For Robert Kingett (pictured), a young blind man based in Chicago, fun includes playing video games and watching movies.
Luckily, in this day and age, adaptive technology allows blind people the opportunity to enjoy many pastimes the rest of us take for granted.
Descriptive audio is a feature available in some theaters and on select DVDs which can allow the blind to follow the storyline of a film along with sighted film buffs. Descriptive audio is exactly what it sounds like: if a film's leading lady slaps her cad of a boyfriend (or girlfriend) in the face, a narrator will quickly, in between dialogue, say "she slaps his/her face."
With Netflix poised to become one of the largest home video providers through online subscriptions, Kingett is publicly challenging the Bay Area-based video streaming company to make its content accessible to the blind and visually impaired through what he calls the Netflix Accessible Project.
Kingett spoke to SF Weekly about this daunting task, and about his life as a gay, blind, and physically disabled man who is nonetheless making his mark on the world.
SF Weekly: Describe your campaign in your own words.
Kingett: The Accessible Netflix Project is a campaign to make Netflix more accessible to blind people and to people using adaptive physical devices as well. A lot of people believe we are all about audio description and nothing else but that's far from the truth. We are a group that demands that Netflix do what should have been done a long time ago and make the screen player fully available to screen readers. Make the iPhone application accessible. Add audio description to their streamed shows and movies when its already on DVDs and TV shows. We are a team who says this should happen because there's no excuse anymore and it's long overdue. We are also reaching out to others like Hulu, Blockbuster Instant, Amazon Instant and even services in the UK.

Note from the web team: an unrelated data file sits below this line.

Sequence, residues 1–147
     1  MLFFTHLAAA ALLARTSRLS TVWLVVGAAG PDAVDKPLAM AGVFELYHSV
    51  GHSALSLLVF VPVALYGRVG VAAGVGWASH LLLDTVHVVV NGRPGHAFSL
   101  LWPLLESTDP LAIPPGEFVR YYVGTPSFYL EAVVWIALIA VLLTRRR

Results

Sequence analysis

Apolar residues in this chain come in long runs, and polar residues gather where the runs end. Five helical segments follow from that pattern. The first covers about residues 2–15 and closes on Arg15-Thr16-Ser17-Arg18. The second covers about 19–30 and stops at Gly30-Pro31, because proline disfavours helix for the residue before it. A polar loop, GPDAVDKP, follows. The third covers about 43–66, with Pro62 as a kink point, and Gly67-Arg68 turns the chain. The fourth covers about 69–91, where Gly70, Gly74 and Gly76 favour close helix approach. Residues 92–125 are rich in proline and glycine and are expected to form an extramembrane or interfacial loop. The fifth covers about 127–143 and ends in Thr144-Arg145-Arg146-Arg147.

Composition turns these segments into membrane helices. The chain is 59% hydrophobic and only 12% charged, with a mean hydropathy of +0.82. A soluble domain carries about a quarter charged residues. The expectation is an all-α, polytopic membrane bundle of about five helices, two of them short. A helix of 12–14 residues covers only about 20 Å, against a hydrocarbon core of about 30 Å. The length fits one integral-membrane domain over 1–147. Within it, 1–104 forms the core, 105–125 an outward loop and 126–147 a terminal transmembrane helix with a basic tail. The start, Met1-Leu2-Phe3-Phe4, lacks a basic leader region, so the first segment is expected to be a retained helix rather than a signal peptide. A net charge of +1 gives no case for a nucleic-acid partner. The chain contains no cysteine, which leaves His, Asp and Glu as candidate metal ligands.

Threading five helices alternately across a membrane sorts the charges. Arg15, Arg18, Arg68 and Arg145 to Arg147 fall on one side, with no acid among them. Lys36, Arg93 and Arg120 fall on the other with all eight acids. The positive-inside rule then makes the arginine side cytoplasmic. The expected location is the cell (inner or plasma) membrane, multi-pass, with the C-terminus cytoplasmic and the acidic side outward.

People are using the internet more and more to watch movies and TV shows. If audio description is already available on DVDs and TV shows than just put it on the server. It's not hard to do and it's a shame it isn't happening. We're here to make sure it happens even if it takes us years.
SF Weekly: Have you heard from Netflix?
Kingett: We have heard from Netflix and they have told us that it's not their responsibility. Another time they told us "don't expect this anytime soon". In PR speak that basically means "we won't do it, so shut up and go away."
SF Weekly: Can you tell us more about who you are?
Kingett: I attended the Florida School For the Deaf and Blind. I was a premature baby, only six ounces, so I guess you could say that I brushed against death and turned around and kicked it square in the jaw. My lungs weren't developing, so the doctors had to place me in an incubator. They didn't monitor the oxygen very well, so as a result I'm legally blind. I'm guessing the cerebral palsy developed from me being born way earlier than I should have been. I guess my birth was epic foreshadowing, because it certainly gave clues as to what kind of fighter I was.